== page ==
Digestive system: microbiome

Learning Objectives

Understand how microbiomes affect your health

Understand how microbiomes keep you healthy

Vocabulary:

  • Microbiome

[This video was copied from the original link the creator uploaded, not from “Murray Middle School” youtube list.]

 

A microbiome is a community of microorganisms such as bacteria, fungi, and viruses that live inside an organism. In particular, we will be talking about the human microbiome.

The microbes that make up the microbiome can be found everywhere in our body from our mouths to our gut and even to our skin. The microbiome is formed from the second we are born. Our body picks up all sorts of microbes for the next three years until we have a healthy, stable, and mature microbiome. All the microbes work together to complement the functions of one another. For example, some microbes work to help aid digestion and others strengthen the immune system.

The microbiome affects our health in so many different ways. To begin, microbes help boost your immune system meaning you will get sick less often. Researches have found a specific bacteria in the digestive tract that bunds to immune system cells and stimulate them to divide and reproduce. They have also found that, in the future, if you have a weakened immune system, doctors can introduce these bacteria into your system to give it a boost. Microbes are also known to keep us slim. They play an important role in helping us digest food and produce chemicals that shape our metabolic rate. Researchers have even stated that disturbances in our microbiome are one factor that can lead to obesity. Lastly, microbes keep babies healthy. Recent studies show that babies born through C-section have different microbiomes than those that are born traditionally. This is because the traditional birthing process allows babies to gain microbes from their mothers. Babies that are born through C-section are more likely to develop asthma and allergies.

 

Figure 1: This is an image of the different microbes that were found by the National Institute of Health(NIH) in the Human Microbiome Project (HMP)
Figure 1: Different microbes that were found by the National Institute of Health(NIH) in the Human Microbiome Project (HMP)

Because microbes keep you healthy, here are a few ways you can keep your microbes healthy. You can eat lots of fruit and vegetables. Fruits and vegetables have an amazing source of nutrients for your microbes. They are high in fibers that only your microbes can digest and use to stimulate their growth. Following a diet with different fruits and vegetables may even prevent the growth of disease-causing bacteria. Another way to keep your microbiome healthy is to not eat too many artificial sweeteners. Eating too many sugar replacements can negatively affect your microbiome and then causing you to have an increase in blood sugar and a decrease in insulin response. One last way you can keep your microbiome healthy is by eating foods that are rich in Polyphenols. Polyphenols are essentially plants that have the ability to reduce blood pressure, cholesterol levels, and inflammation. Polyphenols aren’t always digested properly so once they reach the colon your microbiome absorbs more of it to give themselves nutrients. Foods that are a good source of polyphenols include dark chocolate, green tea, almonds, onions, blueberries, and broccoli. In addition to these three methods to keep your microbiome healthy, there are also multiple different ways to keep your microbiome healthy as well! All you have to do is do a quick search for ways to keep your microbiome healthy and find what works for you.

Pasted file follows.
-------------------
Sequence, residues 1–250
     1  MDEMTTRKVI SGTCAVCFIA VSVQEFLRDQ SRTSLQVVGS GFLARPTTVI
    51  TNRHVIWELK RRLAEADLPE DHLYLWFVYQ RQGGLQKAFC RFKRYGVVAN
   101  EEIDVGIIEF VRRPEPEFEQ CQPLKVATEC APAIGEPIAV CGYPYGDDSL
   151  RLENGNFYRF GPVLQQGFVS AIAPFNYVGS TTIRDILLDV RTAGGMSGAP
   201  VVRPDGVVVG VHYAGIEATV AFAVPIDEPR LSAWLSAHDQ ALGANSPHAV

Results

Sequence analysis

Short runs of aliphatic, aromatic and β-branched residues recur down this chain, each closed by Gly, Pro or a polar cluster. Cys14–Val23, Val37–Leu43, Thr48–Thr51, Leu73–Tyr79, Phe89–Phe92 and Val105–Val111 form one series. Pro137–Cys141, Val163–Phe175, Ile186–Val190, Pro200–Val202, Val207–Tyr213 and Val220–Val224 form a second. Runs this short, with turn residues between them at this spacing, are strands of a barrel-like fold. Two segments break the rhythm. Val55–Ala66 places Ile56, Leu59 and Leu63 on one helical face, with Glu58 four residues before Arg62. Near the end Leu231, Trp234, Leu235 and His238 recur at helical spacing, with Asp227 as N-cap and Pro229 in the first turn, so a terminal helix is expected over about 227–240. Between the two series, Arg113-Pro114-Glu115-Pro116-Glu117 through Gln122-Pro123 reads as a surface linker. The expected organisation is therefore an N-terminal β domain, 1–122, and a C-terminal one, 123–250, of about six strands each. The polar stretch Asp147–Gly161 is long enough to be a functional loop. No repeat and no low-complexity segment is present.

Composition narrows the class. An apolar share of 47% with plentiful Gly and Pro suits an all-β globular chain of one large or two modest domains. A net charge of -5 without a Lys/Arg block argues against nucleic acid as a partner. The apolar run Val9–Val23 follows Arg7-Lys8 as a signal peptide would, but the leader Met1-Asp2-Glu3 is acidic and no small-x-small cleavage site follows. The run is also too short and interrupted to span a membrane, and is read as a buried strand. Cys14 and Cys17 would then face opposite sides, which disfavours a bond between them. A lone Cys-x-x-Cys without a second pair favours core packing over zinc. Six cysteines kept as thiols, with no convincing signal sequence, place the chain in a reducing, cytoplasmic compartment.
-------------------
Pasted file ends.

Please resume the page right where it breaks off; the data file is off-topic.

A picture of a dark chocolate bar
Figure 2: Dark chocolate can be a great source of polyphenols that help feed and keep your microbiome healthy. Just don’t eat too many or you might get cavities!

 

Figure 1 Image credit: “Human Microbiome Project (HMP)” by National Institutes of Health (NIH) is licensed under CC BY-NC 2.0 

Figure 2 Image credit: “Divine Mint Dark Chocolate” by Boz Bros is licensed under CC BY-NC-SA 2.0

 

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